A Lion's Tale

Class of 2006 member Aaron Maybin offers a first-person account of his recruitment. In the initial offering of this two-part series, the Maryland prospect talks about the 2005 combine circuit and his first meetings with a trio of top prospects with whom he would quickly develop close bonds.

EDITOR'S NOTE: Aaron Maybin is a star defensive end prospect from Mount Hebron High in Ellicott City, Md. The seventh player to commit to Penn State's class of 2006, the intelligent, affable and outgoing prospect wasted no time becoming a leading advocate for the Nittany Lions' recruiting efforts. In the end, Joe Paterno, Mike McQueary and company added talent at every position of need. Fittingly, the head coach thanked assistant Larry Johnson, whose primary recruiting region, Maryland, yielded seven players. But Maybin played a key roll on the ground level, too, spending countless hours talking to his home-state friends. Maybin and his family were also the brains behind the unique signing-day ceremony held in Baltimore, where 11 prospects (nearly half the class) from three different states gathered to celebrate their first official day as part of the Nittany Nation.

But this crew was bleeding blue and white long before Feb. 1, especially Maybin. Besides being smart and funny, it turns out the youngster can also write — extremely well. It took him less than one day to write the following first-person account of his recruiting process. But it is so long and so interesting that it is going to take us two days to run it. The story will run in two parts, starting as Maybin recounts his attitude in the spring combines last year.

My name is Aaron Maybin. And I am a Lion! Whether I knew it or not, from the moment I picked up a football for the first time as a baby to the time I put on the hat which adorned the emblem of the school: the tradition, the dynasty; that, I will forever be a part of. There has always been a fire burning deep within my soul. A passion for the game I love so much. It is this passion that drives me to be the best. That lion's mentality takes my game to another level. And when the stakes are high the thirst for greatness only intensifies (and the stakes couldn't be higher).

The recruiting process for most blue-chip prospects almost always involves combines. May it be the Nike Camp, The Elite Combine or any other of the big-time combines. Hundreds of coaches pour into the domes or onto the fields of these camp sites to see the nation's best square off against one another. For me the Nike Camp was my stage, the field was my arena, and with so many of the scouts and coaches from the country's most prestigious schools represented as my audience, I most certainly was going to put on a spectacular show. I sprinted and jumped and completed the drills like my life depended on it. And then it came time for the defensive line to compete against the offensive line. This was my time: I circled the group of linemen, slowly analyzing each one, separating the weak from the strong, the quick from the slow, and the intelligent from the undisciplined. One by one I challenged them all. And one by one they fell. I made it my business to dominate my opposition so completely, that there would be absolutely no question who the king of the jungle was.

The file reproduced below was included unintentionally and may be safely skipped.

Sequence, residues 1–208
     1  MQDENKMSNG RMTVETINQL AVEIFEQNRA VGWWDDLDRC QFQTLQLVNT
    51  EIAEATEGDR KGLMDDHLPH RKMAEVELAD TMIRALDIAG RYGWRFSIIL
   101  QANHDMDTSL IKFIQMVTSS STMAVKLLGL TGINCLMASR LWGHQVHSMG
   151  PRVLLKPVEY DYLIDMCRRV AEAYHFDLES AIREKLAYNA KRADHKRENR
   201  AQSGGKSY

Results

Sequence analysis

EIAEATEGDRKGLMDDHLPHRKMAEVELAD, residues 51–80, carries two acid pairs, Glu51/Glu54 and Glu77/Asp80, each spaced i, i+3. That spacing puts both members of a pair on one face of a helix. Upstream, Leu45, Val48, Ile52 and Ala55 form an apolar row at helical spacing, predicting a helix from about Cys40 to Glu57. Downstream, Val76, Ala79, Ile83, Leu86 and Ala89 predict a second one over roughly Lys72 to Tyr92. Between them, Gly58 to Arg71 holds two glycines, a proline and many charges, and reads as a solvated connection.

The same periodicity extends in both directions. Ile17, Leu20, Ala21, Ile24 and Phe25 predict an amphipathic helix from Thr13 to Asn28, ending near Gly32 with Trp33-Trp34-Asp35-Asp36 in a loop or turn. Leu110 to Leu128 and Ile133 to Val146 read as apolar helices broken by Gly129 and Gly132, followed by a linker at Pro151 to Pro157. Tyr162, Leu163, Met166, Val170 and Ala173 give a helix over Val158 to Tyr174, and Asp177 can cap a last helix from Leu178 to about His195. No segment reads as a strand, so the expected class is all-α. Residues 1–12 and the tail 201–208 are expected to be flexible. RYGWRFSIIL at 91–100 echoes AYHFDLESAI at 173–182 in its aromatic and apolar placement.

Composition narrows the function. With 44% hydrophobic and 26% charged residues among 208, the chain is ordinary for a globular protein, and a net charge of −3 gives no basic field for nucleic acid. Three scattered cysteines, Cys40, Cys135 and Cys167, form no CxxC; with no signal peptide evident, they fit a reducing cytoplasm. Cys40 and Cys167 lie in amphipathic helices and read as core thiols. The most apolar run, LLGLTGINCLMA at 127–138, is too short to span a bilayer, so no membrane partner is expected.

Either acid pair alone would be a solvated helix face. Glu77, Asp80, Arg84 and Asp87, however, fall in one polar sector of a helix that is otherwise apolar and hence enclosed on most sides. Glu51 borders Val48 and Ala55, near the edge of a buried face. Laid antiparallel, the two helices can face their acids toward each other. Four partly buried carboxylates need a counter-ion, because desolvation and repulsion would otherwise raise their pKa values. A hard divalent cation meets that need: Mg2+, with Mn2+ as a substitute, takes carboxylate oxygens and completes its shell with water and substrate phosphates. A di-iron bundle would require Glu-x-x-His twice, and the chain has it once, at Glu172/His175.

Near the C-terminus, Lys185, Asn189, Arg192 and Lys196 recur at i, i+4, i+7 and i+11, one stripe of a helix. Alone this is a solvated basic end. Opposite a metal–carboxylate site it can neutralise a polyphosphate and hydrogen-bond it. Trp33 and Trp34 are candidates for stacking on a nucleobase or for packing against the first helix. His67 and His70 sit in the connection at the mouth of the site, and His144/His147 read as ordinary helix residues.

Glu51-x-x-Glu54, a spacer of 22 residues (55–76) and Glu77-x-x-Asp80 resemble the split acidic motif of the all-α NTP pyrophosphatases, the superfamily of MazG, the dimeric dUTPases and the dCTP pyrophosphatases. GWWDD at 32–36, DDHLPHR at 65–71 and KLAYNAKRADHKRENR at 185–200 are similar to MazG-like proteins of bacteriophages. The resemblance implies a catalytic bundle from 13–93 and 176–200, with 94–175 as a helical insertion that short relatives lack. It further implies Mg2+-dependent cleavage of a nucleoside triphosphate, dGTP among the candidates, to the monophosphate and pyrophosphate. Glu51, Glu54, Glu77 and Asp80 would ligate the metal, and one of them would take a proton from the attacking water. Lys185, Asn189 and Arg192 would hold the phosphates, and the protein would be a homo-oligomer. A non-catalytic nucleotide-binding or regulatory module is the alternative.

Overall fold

And at some point I saw them. They were familiar faces. Two recruits that brought that same mentality to the game as I did, that same look in their eyes, that same killer instinct. One by one they too sought after the best and the brightest. And one by one they demolished them. One was big Phil Taylor, a friend from back home in Maryland. The other was Jared Odrick, who I had met some time back on a recruiting visit. I saw them and they saw me. Our individual conquests had turned into an all-out competition of who could dominate their opponent more, who could get the biggest reaction out of the crowd, who would be remembered. The intensity level was so high I had to close my eyes to keep from losing composure. At the end of the day the three of us shook hands and exchanged numbers. The wheels were set in motion.

The Nike Camp was the first of many on a pre-summer circuit. As the school year came to a close, I went from place to place showing my talents and collecting offers from schools. I was at a track meet preparing to compete for the regional when I looked over and saw him. A big kid doing plyometrics with his team. He was well over 300 pounds but I was astonished by how light he was on his feet. He turned around and I realized that he was none other than Forestville offensive lineman Antonio Logan-El, a good friend and a teammate of my cousin. We had met some time back at an all-star photo shoot and hit it off. We talked a little bit about how things had been going and where our recruiting processes were taking us. It did not take long for me to realize that this kid shared many of the same qualities as I did and we were both looking for a lot of the same attributes in our school of choice. We became very close friends and kept in contact, calling each other often and discussing the possibilities of us playing together at the next level. We made a few unofficial visits together over the summer to schools that we both had a high interest in. As time went on and we began to narrow the field of schools we were considering, we began to realize how similar (almost identical) our list of favorite schools were.

Tomorrow: Aaron Maybin talks about his senior season, when he committed to Penn State and much more.


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